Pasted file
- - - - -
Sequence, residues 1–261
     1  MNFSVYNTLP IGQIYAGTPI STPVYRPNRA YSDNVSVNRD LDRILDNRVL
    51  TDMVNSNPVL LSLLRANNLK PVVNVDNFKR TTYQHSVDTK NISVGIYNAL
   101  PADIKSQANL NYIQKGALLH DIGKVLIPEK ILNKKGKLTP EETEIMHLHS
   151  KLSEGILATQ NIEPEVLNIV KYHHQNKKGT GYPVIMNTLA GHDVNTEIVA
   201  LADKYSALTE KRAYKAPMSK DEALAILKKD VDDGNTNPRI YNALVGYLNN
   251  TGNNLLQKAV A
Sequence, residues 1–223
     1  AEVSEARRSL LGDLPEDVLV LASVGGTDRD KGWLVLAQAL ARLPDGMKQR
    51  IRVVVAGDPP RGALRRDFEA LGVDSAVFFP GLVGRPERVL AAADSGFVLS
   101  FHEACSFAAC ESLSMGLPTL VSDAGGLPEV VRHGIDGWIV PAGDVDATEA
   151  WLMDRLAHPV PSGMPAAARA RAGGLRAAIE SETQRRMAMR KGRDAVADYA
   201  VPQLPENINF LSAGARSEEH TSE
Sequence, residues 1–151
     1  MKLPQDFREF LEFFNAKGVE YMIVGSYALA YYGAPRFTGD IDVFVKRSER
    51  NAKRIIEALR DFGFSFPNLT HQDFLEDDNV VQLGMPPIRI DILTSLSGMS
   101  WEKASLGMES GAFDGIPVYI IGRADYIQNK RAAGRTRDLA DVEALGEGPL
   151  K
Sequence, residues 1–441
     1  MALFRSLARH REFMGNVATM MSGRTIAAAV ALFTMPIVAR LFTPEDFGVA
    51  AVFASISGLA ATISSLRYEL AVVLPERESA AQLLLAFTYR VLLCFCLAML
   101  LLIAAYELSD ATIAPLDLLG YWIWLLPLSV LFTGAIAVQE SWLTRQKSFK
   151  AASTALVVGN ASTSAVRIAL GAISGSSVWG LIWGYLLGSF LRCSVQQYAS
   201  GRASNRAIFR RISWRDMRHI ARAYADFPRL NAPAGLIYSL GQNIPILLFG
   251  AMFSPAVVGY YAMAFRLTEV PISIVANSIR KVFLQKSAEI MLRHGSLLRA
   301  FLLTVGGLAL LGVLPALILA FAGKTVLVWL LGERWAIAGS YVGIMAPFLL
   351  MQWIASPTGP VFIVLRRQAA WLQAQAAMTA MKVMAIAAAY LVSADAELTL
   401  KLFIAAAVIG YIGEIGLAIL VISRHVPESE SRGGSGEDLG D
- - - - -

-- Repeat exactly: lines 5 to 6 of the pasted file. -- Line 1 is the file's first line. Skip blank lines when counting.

   151  KLSEGILATQ NIEPEVLNIV KYHHQNKKGT GYPVIMNTLA GHDVNTEIVA
   201  LADKYSALTE KRAYKAPMSK DEALAILKKD VDDGNTNPRI YNALVGYLNN